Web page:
NASHVILLE – As part of the Tennessee Opportunity Pilot Initiative, seven public-private groups have been selected by the Families First Community Advisory Board to implement innovative strategies for moving Tennessee families with economic, social, and developmental vulnerabilities beyond their current circumstances and on to self-sufficiency.
Each group will receive $25 million in federal Temporary Assistance for Needy Families (TANF) funds for their three-year pilots. The implementation grants for these pilot initiatives further the Tennessee Department of Human Services’ (TDHS) vision of fundamentally changing the way government assistance is delivered to families in need. The lead organizations for the seven collaborative groups include:
- Families Matter (West TN)
- University of Memphis (West TN)
- Family & Children’s Service (Middle TN)
- Upper Cumberland Human Resource Agency (Middle TN)
- First Tennessee Development District Foundation (East TN)
- United Way of Greater Knoxville (East TN)
- Martha O’Bryan Center (TDHS selected, serving Middle TN)
Pilot initiatives were intentionally selected to maximize geographic diversity and coverage across the state. With pilots spanning all three Grand Divisions, in both rural and urban areas, these public-private groups are positioned to identify and address the unique needs of the families living in their areas.
“Tennessee is taking a comprehensive approach to serving those who are the most economically vulnerable, in a truly transformative way,” said TDHS Commissioner Clarence H. Carter.
“Through this collaboration of multi-disciplinary partners dedicated to engaging all sectors of the state, these pilots offer an opportunity for innovation and best practices to match the needs of low-income families in their journey forward. The Tennessee Opportunity Pilot Initiative was created as part of the TANF Opportunity Act (TOA), legislation that passed in 2021. The TANF Opportunity Act offers a pathway to self-sufficiency for TANF recipients, provides for an investment in community partnerships through both the spend down of the TANF reserve and plans for recurring dollars, while also strengthening protections against fraud, waste, and abuse.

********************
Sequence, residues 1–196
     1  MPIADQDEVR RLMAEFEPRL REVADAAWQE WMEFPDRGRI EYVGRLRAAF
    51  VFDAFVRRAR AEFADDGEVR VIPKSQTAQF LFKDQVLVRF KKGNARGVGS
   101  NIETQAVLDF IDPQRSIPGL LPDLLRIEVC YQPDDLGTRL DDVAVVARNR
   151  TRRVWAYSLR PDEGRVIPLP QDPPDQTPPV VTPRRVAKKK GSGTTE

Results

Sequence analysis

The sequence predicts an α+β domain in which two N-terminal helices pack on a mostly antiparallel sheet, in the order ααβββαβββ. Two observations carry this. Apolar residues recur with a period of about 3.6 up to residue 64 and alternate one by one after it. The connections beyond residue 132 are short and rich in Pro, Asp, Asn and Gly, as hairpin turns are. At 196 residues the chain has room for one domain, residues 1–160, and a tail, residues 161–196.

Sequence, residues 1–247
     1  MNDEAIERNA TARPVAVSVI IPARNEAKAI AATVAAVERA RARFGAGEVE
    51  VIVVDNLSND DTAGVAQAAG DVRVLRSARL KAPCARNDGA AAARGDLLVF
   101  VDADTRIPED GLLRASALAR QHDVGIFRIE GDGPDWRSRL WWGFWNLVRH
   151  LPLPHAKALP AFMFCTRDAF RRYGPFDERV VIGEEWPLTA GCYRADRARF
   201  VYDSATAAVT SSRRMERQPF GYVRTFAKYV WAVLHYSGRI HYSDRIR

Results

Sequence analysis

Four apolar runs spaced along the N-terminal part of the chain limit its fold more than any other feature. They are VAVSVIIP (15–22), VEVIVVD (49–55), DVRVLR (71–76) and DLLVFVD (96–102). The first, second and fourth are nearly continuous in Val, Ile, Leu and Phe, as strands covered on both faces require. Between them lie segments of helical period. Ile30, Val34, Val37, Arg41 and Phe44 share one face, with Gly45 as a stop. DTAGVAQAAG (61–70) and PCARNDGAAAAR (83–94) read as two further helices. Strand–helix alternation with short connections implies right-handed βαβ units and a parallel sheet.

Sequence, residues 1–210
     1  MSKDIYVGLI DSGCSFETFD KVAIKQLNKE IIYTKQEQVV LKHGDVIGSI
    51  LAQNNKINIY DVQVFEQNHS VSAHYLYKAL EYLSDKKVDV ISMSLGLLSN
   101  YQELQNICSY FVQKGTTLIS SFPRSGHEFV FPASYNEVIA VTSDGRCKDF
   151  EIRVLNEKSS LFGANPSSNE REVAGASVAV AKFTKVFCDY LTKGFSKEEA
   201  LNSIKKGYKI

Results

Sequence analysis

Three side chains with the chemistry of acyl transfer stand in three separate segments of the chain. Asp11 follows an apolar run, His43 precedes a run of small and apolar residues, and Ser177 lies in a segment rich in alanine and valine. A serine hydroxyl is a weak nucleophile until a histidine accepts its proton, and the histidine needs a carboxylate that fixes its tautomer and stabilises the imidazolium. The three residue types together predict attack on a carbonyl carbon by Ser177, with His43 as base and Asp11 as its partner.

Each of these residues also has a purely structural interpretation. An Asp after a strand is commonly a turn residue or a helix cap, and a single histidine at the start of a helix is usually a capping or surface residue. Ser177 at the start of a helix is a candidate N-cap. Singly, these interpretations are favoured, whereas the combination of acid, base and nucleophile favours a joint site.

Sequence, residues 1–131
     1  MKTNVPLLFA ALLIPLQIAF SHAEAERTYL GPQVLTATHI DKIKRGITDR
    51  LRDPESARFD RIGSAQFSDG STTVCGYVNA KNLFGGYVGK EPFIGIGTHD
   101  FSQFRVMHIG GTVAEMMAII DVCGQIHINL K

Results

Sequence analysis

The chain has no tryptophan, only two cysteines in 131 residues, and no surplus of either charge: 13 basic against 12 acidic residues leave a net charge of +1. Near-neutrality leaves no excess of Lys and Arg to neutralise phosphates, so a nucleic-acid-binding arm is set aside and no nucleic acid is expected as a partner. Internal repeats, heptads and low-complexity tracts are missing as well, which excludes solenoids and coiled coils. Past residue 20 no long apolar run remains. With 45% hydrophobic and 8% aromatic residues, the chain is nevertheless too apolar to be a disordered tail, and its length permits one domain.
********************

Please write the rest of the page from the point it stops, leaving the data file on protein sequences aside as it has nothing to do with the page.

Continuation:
In the fall of 2021, the Tennessee Opportunity Pilot Initiative began with a request for collaborative groups across the state to submit applications for Planning Grants. More than 80 groups applied and in January 2022, 17 selected Planning Grantees began an intensive collaboration period during which they developed detailed proposals for three-year, transformational pilot initiatives to serve low-income families. Last month, the Planning Grantees presented their pilot proposals to the Families First Community Advisory Board during a two-day pitch-style presentation event.
The Board evaluated each group’s proposal and selected two pilot programs from each grand division of the state. TDHS also selected a pilot program. Over the next three years, each pilot will be subject to a robust third-party program evaluation process. TDHS will work with both a research partner – to enable research that will evaluate the effectiveness of each pilot and illuminate interventions that are most impactful in supporting low-income families – and a training and technical assistance partner – to provide the pilots with operational support in areas such as data collection, deployment of a universal assessment tool, and overall project management.
Funding for the Tennessee Opportunity Pilot Initiative is provided through the Temporary Assistance for Needy Families (TANF) program. TANF is a federally funded program that emphasizes work, family strengthening, and personal responsibility to empower families for long-term success.
The Tennessee Department of Human Services is dedicated to making our state a place where all Tennesseans can move beyond the barriers they may face, to self-sufficiency, and on to new heights.